Aromas of fall wafted past my nose in ribbons as I sat in my little corner of the coffee shop. The morning rush had passed and the chatter of tourists ordering coffee and pastries to fuel their walks with caffeine and sugar buzzed in the background of my thoughts. Just out of the glare of the morning sun my thoughts were strolling singularly, some hand in hand, and some felt like they were jogging backwards just to tease me. “Come on,” they beckoned, “you know you want to.”
It has always amazed me how my thoughts taunt me like friends. These inanimate, intangible, not quite objects that know me better than I know them at times. It makes no sense, but so many things don’t these days. The hot beverage choices of strangers distracted me from the remembrance of my own cooling next to me, a crumb cake pinched out of habit and not hunger. The window just up from my corner catches my eye with passersby and the natural wonder of what others are choosing to do in the sunshine. In the back of my mind it is silly to be sitting here with so much unknown taking place outside but I had work to do, deadlines to meet, bills to pay.
The spreadsheet was open the whole time with my attention closed from it. The camera and photo icon on my desktop colluded with one of my hand in hand thoughts and made me open it. I don’t recall actually moving my finger to hover over the icon but there were my albums, open and inviting me to take a tour of my memories. My brother and I at an amusement park. My parents’ anniversary dinner. The birth of my first niece. Snowmen built in the Snowpacalypse. Me in formal gowns and posing with girlfriends. Drinks in hand, confetti, pictures of people I love. Hiding in the mix were the pictures of he and I. One album that I tried to look past, look beyond, look around, pretend it wasn’t there. Again, without any recollection of moving my finger to hover the arrow over the album, it was open before me.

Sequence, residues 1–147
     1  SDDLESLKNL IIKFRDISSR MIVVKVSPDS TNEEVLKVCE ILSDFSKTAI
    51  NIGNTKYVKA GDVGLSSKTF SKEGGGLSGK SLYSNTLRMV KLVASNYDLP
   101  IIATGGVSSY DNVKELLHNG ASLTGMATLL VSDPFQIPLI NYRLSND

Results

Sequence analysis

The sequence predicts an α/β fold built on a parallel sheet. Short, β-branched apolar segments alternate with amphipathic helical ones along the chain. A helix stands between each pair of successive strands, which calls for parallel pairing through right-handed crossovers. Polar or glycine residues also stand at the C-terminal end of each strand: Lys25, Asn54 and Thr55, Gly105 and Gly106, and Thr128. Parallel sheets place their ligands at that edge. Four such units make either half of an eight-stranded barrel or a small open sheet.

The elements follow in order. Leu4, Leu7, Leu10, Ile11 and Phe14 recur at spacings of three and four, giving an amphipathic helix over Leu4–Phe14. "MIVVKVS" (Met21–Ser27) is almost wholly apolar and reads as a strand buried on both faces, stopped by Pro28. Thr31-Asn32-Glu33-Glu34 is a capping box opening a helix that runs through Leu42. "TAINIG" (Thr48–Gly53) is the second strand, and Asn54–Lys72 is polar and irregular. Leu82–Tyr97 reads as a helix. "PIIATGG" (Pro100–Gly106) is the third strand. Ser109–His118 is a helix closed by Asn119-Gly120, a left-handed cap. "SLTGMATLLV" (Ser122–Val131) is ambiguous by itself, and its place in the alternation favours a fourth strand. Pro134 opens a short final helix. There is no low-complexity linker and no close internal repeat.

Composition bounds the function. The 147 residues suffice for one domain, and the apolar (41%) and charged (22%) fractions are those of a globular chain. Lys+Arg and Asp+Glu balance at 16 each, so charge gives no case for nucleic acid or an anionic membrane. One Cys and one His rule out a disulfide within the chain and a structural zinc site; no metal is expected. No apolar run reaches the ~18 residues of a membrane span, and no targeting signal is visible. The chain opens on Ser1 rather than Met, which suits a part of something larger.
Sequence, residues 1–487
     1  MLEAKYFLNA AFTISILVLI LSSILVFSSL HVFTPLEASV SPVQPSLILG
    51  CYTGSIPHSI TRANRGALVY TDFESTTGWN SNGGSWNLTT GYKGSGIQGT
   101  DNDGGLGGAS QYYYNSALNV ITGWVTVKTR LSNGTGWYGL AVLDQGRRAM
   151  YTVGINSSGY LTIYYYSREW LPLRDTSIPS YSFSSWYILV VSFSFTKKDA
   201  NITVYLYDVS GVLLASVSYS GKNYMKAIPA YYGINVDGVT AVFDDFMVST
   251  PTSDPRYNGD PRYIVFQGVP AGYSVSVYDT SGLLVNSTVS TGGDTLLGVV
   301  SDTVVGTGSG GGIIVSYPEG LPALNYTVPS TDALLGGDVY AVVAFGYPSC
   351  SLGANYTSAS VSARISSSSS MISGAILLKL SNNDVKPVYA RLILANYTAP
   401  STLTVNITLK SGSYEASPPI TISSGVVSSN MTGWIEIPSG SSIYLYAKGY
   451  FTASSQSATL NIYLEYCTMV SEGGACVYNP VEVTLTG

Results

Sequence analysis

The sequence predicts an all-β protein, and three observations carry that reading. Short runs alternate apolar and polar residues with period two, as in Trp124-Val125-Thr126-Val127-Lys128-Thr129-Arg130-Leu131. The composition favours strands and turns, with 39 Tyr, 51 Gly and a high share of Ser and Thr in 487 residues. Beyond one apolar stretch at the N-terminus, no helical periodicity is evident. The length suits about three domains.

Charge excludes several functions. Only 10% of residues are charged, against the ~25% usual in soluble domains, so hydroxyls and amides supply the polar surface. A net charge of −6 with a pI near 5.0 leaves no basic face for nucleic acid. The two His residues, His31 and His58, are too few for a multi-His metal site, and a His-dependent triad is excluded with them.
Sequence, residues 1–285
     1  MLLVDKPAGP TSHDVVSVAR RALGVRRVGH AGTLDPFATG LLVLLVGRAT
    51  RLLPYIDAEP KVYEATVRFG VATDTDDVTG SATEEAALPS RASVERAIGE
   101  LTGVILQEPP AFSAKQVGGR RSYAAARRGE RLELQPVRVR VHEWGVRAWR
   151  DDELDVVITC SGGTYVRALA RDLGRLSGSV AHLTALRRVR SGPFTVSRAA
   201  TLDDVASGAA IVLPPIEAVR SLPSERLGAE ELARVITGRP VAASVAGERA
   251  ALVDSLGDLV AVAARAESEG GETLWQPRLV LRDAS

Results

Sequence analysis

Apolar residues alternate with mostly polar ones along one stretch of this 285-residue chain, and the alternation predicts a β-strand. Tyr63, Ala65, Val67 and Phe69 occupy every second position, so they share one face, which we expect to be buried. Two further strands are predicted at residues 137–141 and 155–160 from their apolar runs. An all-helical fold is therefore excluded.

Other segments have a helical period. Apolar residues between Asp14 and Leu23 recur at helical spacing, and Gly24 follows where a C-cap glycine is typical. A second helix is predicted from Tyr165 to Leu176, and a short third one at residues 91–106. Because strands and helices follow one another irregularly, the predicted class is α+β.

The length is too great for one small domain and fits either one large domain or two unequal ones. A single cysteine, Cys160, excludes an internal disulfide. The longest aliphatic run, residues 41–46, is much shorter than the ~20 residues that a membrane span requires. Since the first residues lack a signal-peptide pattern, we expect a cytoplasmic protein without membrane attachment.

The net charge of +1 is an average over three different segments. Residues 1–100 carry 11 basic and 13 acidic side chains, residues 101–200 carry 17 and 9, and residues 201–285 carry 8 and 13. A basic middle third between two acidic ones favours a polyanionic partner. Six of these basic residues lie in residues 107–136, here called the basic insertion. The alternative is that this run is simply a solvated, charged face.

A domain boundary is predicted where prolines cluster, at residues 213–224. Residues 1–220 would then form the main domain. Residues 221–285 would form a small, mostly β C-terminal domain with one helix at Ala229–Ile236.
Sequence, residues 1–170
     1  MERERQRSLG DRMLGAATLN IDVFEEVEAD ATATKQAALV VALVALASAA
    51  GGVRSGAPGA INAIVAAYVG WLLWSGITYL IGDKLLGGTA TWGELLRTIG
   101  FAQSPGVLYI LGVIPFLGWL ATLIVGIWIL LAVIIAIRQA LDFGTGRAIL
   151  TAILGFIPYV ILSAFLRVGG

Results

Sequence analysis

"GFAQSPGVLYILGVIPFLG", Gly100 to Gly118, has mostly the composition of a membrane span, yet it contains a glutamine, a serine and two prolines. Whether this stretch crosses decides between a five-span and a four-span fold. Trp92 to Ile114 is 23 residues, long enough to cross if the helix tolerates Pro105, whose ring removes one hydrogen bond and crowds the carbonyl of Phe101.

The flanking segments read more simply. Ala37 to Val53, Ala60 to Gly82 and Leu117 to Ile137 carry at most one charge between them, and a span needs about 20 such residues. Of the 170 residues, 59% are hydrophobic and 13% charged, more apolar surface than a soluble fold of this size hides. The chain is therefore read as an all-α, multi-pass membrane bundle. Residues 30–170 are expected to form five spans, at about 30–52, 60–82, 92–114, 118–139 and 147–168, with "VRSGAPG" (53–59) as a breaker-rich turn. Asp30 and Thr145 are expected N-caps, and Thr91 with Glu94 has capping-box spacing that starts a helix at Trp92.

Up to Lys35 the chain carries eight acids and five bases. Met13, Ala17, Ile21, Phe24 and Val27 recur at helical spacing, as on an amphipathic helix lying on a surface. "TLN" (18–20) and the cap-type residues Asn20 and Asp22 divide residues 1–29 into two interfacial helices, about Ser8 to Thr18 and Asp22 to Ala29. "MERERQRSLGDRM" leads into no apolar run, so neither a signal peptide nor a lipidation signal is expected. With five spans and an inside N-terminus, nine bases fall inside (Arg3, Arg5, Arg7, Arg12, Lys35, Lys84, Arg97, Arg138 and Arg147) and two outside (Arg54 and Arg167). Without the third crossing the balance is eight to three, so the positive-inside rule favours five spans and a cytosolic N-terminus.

At first I looked at all the pictures as a whole. They were a collage of moments in our happiness. His scent, the one under the cologne, leapt off the screen stronger than all the coffee blends brewing and for a moment I thought he was there. I caught myself glancing left, where he usually planted himself, calling me his right side and his right hand. I took a deep breath and exhaled into a flashback.
A park bench with him left and me right. Ruddy brown birds landed and left, some hurried and others lingering, for cookie crumbs. Oatmeal and chocolate chip, sometimes maintaining their sticky relationship, hit the ground just in front of our feet. I said something corny like, “Promise me we’ll feed the birds in the park when we’re old,” and him promising, “For as long as you’ll have me.”
Before I could blink twice I returned to my senses, flooded by something like regret riding the wave of a ribbon of the Kenyan sort. In that moment it crossed my mind that I should have studied art instead of accounting. Emotions rang far truer than numbers. A deep shade of purple blurred by the window, catching my eye and invited a much needed mental break. I felt myself slipping but I was trying to fight it. In undergrad I learned to get up and stretch when my concentration waned so I slid out of my wooden chair and returned to the counter. My hot cider had moved closer to chilled apple juice, staring back at me with cloudy resentment. I really did try not to be wasteful. I changed lanes and decided to go iced coffee for the boost. The return to my corner was hesitant, afraid of what ghosts would be sitting across from me. I began reciting the phone number and address of my employer hoping it would put me in a business state of mind.